I like blueberry muffins but confess I've only made them from a box or bought ... do make cookies from scratch, lemon squares, pancakes and waffles so I know where the flour is and how the oven works ... this week the fridge is overflowing with blueberries (it's springtime Down Under) ... found "Best-Ever Muffins" recipe in my red checked Better Homes And Gardens New Cookbook ... adjusted to 3 tablespoons of sugar instead of specified 4 as DH "doesn't like sweet" ... very happy with results, expect will make more this week ... no more mixes with little cans of blueberries ... no more paying too much and ending up with a plastic box to recycle ... ever ... I can do better ... don't expect I'll be recovering furniture or building a fence, though! ... Regards.

  10. I would love to set up my Grandma's good china set (a complete set from 1947), it's maroon with gold around the edges and a very pretty floral pattern in the middle, I've used it once or twice and now it's stored quite prettily in my corner hutch for all to see.

    I find with young children there is no way I could risk breaking this family china, as I wish to pass it down intact. Maybe once my boys are older I will use it.

    I love doing Buffet suppers for family get-togethers, I usually put the food in the kitchen table (which has my retro 1950's maroon chairs :)), people help themselves and eat in the dinette area near my living room.

    I have never really had a sit down meal where people pass items, even at home on a regular meal I keep the items on the counter and serve my husband and children. I find it nice to look across at my guests and family without having to deal with a congested and crowded table, plus the clean up is much easier.

    I haven't had time to review the films, but I will, keep up the blogging 50's gal :)

    Mom in Canada

  11. Thought I would let you know I tried the Salmon Lasagne recipe. My husband and I both enjoyed it. It reminds me of eating shrimp cocktail! We will definitely have it again. Love the videos!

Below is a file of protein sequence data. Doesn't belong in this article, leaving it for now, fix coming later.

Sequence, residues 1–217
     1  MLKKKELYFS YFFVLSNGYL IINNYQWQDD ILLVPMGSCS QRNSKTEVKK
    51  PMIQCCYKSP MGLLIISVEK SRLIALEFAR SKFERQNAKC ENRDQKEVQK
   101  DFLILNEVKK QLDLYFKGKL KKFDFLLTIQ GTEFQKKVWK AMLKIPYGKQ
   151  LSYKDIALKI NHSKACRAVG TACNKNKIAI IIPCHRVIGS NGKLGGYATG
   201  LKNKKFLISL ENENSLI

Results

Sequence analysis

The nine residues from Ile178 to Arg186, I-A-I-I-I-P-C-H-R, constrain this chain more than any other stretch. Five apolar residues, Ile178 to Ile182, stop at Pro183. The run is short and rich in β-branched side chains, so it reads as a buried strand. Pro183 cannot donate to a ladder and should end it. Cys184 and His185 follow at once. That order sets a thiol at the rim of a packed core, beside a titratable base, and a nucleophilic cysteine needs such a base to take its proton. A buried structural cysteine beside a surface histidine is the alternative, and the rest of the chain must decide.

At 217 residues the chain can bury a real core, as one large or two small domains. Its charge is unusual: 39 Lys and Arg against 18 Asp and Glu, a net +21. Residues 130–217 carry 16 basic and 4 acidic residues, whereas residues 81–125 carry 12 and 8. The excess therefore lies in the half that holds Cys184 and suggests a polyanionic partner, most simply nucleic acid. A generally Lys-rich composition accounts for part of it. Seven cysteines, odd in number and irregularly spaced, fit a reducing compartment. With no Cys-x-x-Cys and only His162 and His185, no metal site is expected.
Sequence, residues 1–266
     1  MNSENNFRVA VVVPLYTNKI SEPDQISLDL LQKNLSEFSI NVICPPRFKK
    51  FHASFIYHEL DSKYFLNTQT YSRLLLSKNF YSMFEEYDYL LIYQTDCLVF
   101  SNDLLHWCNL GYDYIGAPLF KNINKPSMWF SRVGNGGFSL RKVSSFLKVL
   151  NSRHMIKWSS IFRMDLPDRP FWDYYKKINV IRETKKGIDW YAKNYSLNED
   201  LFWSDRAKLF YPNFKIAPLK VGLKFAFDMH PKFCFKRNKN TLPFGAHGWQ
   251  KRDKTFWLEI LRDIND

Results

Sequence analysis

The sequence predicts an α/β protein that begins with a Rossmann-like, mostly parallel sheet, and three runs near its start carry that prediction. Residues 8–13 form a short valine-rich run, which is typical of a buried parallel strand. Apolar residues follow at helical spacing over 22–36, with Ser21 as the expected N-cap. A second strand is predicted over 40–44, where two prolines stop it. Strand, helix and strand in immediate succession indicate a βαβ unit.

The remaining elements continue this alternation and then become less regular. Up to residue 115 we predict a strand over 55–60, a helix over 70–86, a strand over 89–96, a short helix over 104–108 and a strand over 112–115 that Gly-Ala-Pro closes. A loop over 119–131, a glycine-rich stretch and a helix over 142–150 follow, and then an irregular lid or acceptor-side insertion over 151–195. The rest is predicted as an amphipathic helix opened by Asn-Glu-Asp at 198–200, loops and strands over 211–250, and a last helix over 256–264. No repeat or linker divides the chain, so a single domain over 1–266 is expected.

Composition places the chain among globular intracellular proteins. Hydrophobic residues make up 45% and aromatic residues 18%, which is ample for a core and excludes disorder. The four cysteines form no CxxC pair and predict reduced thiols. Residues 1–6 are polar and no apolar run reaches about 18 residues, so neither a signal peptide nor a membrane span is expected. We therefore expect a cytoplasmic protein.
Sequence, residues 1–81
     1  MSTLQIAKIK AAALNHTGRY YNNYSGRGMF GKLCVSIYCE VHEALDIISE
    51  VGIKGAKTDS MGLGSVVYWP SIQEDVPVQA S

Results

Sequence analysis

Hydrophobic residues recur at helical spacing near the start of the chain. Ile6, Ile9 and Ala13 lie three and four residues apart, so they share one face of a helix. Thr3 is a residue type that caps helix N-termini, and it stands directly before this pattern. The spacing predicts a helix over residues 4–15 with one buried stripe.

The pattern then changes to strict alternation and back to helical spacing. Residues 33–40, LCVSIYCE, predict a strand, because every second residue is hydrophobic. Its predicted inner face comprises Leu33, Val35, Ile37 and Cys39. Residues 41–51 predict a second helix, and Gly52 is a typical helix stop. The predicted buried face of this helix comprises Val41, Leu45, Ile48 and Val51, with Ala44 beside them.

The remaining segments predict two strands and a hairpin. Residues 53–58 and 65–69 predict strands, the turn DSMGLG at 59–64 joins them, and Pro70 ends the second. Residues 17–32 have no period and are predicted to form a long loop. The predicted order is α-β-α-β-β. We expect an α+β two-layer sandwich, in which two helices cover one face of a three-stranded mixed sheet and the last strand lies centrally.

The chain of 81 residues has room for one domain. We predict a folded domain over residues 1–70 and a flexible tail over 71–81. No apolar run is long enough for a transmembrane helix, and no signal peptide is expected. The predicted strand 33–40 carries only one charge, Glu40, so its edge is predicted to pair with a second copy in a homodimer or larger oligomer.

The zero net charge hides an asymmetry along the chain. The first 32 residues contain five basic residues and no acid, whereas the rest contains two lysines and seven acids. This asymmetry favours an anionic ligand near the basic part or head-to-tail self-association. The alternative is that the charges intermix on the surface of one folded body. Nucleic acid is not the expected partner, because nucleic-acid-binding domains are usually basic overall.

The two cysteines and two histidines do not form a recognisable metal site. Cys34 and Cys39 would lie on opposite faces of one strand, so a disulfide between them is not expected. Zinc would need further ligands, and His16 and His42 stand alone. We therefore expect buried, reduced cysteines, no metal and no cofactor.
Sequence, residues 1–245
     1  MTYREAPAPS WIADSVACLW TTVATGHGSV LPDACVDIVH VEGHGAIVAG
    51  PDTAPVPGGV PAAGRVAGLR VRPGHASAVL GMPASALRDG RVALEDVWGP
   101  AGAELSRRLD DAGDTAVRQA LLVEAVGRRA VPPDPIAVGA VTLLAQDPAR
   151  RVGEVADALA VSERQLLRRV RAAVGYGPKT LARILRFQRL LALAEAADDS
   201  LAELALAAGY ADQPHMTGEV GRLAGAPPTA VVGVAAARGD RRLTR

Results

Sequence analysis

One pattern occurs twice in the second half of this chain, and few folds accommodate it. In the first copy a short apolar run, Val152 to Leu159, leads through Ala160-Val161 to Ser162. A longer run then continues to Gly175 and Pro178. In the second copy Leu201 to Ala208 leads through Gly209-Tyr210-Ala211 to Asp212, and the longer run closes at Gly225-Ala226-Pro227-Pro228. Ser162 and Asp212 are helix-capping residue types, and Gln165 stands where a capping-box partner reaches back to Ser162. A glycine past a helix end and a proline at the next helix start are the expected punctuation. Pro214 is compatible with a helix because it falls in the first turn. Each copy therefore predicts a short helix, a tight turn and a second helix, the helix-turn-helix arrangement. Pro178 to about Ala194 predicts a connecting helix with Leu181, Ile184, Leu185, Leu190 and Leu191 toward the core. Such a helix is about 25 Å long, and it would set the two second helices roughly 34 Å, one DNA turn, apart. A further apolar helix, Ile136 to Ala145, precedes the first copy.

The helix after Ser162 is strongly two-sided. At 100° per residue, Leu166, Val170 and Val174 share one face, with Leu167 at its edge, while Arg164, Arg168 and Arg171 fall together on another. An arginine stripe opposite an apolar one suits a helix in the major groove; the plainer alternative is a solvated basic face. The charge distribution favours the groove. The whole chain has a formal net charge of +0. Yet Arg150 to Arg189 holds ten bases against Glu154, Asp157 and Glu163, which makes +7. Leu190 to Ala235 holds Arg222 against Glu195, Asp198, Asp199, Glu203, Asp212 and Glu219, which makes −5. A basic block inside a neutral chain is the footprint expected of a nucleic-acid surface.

12. i love tea parties!! we did one not too long ago w/all the ladies on my husband's side of the family. it was great. also did a couple mother-daughter and birthday teas for my girls. great way to teach manners! we also did a craft at the bday one~dishtowel aprons!!:) thinking of having a christmas tea or maybe valentine's day....maybe w/an ornament or teacup exchange..has anyone done that? each person brings a teacup and saucer that they have found (usually thrift) and wraps it up. then you choose the anonymously given gift to take home. such fun!! xo

  13. Oh, so many wonderful comments. I am going to post a blog today, but, as you know, sometimes one gets carried away in a project. Until later and I will answer and respond to your comments as well, such fun! I feel so 'plugged in' with all of you as we each attempt to address our modern world and think how can we bring back the 'good ole' days' and mix it with the new?! Wonderful, now off to share a cup of coffee on the terrace with hubby (He has today off, unusal for him!) we are blessed with 60s and sunny here in NE (at least on the Cape) Oh, and I am thinking of doing a pre-Christmas tea with the ladies, a fun way to get together not just to bake for christmas, but a day to wear pretty hats, sip tea and talk about the upcoming holidays! I think I might design an invitation card for this and will share it with you.

  14. Filed this away in my mind for future entertaining. Thank you for sharing.

  15. The videos are fantastic. It also shows how much society today needs classes in civility and etiquette. Perhaps we should make it mandatory in school?